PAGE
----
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Does Mechanical Ventilation during Cardiopulmonary Bypass Surgery Improve Oxygenation and Postoperative Outcomes?

Mechanical ventilation during surgery is a highly complex procedure, particularly in cardiopulmonary bypass surgery, in which patients must undergo both direct manipulation of the lungs, as well as significant hemodynamic management, including large fluid exchanges and pharmacological management of vascular resistance. Read the pros and cons of improving outcomes from using mechanical ventilation during CPB surgery

Two clinicians performing cardiopulmonary bypass surgery on a patient

However, the surgery is also burdened by a high rate of postoperative pulmonary complications (PPCs), including pneumonia, pleural effusion and atelectasis, with reported incidence of up to 59.2%1. These are complications that not only prolong the hospital stay for the patient, but also increase in-hospital mortality after surgery and overall mortality1.

Because of these risks, preserving lung function through mechanical ventilation has become a significant field of research, and its use has been long debated. While a number of studies have pointed to the importance of continuing mechanical ventilation, linking the practice to improved oxygenation and postoperative outcomes, other research has found no benefit to the continued use of mechanical ventilation3

In this article we’ll take a look at the pro/con debate on the use of mechanical ventilation during cardiopulmonary bypass (CPB) surgery. To do this, we’ll break down the state of the current research on whether or not the procedure can improve oxygenation and postoperative outcomes for the 1.25 million patients a year globally who are surgically treated with CPB1.

Looking at the negatives: studies unable to find clear benefits

The majority of the debate around mechanical ventilation during CPB surgery has centered around an inability to conclusively prove its benefits.

For example, in a study of 413 adult patients undergoing elective cardiac surgery with CPB using either no ventilation or low tidal volume (VT) ventilation at 30% or 80% FiO2, Zhang, et al concluded that continuation of low VT ventilation “was not superior to no ventilation during CPB, with respect to incidence of PPCs during hospital stay after surgery”1. However, due to the study design, the authors were unable to draw a strong conclusion for the effects of the application of low VT ventilation at 30% on severity of PPCs.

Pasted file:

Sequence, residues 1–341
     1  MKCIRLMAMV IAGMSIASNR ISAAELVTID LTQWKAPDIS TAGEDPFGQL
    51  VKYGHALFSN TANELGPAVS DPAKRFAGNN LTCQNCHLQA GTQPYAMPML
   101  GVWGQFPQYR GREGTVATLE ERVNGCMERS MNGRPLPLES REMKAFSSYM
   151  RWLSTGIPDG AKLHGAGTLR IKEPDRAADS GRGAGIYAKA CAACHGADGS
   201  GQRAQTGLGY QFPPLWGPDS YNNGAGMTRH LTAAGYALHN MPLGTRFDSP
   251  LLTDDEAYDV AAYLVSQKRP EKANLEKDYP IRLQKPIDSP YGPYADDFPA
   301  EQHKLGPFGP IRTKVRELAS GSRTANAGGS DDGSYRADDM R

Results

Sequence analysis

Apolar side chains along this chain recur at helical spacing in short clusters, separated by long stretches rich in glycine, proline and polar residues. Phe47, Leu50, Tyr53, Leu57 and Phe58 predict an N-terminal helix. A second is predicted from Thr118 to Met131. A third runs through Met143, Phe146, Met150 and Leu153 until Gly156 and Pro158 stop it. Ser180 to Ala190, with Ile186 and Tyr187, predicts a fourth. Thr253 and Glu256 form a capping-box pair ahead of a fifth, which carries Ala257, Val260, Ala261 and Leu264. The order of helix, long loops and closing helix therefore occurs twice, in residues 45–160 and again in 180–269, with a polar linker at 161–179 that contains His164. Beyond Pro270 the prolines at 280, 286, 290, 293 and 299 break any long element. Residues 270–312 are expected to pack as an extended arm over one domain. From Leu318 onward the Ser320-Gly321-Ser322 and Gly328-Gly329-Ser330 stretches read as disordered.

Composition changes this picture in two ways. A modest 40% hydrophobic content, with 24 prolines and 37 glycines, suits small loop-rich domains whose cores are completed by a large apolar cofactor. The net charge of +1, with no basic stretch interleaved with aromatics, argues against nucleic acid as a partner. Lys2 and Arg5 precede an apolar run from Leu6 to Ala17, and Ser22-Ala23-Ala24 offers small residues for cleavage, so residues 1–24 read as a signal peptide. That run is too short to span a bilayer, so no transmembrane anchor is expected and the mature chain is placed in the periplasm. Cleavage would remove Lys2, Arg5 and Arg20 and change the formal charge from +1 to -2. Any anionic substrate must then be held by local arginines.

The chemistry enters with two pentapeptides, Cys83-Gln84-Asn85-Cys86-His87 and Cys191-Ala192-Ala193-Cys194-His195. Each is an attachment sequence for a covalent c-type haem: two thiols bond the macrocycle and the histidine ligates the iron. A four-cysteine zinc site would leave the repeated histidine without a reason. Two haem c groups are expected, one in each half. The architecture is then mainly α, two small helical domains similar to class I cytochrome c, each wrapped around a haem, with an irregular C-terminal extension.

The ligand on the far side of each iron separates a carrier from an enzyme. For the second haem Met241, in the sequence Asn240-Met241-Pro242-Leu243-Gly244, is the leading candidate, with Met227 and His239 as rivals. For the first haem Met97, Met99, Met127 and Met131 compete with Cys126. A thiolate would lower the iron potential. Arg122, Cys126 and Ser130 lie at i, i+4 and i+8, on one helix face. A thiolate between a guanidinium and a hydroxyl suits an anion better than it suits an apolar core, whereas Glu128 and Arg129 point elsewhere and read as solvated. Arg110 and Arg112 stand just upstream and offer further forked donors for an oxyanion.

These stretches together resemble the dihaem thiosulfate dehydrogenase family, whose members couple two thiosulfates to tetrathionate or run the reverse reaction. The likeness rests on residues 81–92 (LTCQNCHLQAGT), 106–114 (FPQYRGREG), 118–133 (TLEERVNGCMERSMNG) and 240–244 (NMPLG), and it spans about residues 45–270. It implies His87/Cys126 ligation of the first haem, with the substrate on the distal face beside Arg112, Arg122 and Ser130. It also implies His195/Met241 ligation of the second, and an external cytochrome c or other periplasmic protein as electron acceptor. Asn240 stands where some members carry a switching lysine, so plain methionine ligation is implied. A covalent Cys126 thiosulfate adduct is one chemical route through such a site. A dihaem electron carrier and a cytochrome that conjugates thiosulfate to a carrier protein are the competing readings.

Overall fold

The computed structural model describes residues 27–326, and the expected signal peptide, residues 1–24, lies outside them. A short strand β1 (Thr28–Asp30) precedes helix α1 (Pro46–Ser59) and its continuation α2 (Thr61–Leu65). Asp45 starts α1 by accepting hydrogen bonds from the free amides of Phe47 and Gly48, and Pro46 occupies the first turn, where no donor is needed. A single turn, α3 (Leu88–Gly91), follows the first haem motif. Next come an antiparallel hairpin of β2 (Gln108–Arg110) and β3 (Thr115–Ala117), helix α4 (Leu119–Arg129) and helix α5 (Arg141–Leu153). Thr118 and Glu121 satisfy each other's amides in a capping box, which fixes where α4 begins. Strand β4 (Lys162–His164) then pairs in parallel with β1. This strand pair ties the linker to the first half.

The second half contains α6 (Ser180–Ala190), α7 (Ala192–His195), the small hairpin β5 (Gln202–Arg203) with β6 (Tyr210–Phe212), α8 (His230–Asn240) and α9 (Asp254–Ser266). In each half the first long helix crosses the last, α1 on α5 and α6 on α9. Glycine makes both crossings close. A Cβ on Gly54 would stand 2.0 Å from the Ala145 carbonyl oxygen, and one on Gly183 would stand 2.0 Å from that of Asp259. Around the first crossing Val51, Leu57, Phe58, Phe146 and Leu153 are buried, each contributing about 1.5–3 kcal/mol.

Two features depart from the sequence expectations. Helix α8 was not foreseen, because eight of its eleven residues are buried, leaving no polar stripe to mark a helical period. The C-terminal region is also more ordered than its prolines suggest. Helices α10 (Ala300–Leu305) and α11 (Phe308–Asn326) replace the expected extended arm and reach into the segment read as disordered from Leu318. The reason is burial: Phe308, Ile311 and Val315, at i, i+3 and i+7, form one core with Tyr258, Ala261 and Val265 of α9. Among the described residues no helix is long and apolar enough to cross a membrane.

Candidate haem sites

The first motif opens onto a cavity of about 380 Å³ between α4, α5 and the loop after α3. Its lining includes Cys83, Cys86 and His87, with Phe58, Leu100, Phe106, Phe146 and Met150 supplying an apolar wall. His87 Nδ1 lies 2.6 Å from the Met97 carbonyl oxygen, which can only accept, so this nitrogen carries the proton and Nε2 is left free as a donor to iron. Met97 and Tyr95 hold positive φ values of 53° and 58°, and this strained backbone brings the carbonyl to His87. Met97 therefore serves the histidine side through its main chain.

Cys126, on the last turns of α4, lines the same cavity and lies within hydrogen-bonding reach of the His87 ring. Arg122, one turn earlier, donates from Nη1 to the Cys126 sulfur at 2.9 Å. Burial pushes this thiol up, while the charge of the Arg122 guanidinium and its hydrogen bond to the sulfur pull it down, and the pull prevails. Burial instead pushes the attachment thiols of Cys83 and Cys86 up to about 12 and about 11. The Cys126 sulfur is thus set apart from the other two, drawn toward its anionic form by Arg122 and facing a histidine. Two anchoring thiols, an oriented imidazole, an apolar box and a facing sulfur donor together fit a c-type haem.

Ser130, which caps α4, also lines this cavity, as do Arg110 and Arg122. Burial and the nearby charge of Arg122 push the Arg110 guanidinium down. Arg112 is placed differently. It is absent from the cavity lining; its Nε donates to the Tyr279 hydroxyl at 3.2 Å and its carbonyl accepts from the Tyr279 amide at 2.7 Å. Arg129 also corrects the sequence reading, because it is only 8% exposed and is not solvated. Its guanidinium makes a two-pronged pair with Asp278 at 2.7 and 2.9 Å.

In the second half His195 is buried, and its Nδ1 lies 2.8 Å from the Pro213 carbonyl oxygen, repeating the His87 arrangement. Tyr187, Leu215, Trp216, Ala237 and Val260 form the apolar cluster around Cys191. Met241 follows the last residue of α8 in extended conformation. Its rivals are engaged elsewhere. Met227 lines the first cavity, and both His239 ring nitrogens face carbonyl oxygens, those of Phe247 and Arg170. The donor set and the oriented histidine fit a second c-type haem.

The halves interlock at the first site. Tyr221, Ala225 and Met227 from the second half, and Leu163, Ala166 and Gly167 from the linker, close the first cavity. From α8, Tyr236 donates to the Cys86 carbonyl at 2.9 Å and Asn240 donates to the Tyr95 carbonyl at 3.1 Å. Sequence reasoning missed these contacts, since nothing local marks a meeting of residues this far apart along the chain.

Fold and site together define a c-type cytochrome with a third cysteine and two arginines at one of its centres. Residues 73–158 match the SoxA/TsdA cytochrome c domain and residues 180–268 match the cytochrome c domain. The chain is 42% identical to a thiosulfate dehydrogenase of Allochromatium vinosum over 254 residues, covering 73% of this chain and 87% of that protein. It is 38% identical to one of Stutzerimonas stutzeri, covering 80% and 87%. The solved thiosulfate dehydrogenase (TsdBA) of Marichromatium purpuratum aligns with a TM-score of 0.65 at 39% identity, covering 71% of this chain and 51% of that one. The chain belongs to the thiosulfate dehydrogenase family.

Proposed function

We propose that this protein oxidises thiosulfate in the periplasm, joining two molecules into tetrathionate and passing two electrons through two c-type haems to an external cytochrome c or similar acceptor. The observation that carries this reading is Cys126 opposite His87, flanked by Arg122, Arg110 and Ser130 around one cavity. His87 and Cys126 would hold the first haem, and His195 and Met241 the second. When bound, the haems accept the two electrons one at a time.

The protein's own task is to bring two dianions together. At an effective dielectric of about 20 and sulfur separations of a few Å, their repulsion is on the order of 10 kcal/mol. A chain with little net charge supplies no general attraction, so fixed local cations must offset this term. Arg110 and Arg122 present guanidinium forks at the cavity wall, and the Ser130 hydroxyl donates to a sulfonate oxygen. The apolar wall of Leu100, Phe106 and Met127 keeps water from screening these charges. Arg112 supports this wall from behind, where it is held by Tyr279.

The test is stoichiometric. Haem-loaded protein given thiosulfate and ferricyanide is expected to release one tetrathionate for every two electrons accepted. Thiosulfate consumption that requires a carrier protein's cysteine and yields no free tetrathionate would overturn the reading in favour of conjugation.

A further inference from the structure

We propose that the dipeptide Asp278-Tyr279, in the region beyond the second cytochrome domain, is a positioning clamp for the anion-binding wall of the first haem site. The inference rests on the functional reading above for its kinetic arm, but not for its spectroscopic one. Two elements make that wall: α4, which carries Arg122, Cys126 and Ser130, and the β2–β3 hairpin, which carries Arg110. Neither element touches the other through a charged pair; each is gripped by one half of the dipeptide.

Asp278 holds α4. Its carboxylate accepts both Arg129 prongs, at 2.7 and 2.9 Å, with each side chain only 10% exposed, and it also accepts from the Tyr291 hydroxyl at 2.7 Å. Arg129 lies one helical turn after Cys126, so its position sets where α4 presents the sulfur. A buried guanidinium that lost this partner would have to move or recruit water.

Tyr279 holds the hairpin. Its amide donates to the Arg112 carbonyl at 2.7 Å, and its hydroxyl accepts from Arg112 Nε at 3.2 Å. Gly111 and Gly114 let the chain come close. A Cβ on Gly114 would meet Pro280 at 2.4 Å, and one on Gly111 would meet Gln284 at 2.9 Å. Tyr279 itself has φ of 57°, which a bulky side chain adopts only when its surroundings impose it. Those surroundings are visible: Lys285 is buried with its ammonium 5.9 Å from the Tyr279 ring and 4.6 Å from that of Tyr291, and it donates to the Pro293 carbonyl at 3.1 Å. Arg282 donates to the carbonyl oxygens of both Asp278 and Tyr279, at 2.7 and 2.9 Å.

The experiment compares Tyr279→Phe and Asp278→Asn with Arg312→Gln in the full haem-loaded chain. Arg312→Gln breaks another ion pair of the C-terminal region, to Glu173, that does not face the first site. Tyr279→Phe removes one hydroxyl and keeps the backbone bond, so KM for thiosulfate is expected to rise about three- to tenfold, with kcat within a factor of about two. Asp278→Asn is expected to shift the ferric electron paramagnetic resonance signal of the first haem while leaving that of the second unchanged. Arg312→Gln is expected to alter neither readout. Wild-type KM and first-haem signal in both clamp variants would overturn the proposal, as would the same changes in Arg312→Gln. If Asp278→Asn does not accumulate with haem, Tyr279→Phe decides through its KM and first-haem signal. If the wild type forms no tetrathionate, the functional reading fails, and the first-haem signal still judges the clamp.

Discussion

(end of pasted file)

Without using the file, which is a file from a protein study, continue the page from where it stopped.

Another report by Nguyen et al also failed to discover compelling benefits to support the use of mechanical ventilation during CPB2. Their findings, from the MECANO study, a single center randomized clinical trial in patients undergoing cardiac surgery, showed no significant difference in the primary end point, a composite of postoperative mortality and pulmonary complications.

Additionally, a meta-analysis by Shreiber et al, which investigated studies from 1990 to 2010, produced conflicting results. Several trials found that ventilation during CPB using moderate continuous positive airway pressure (CPAP) of 5-10 cmH2O resulted in an improvement in the alveolar-arterial oxygen gradient immediately after weaning the patient from CPB5. In addition, those trials showed that the application of CPAP resulted in an improved oxygenation index and a reduced shunt fraction.

Several of the trials included in the meta-analysis also found that ventilation was more effective than control in narrowing the alveolar-arterial oxygen gradient. Yet, other trials in the analysis found no difference. Only a single trial showed a decreased time to extubation. The balance of the trials discovered no improvements in any index of oxygenation during the immediate postoperative or intensive care period.

Are the positive possibilities enough? Controlling inflammation and improving oxygenation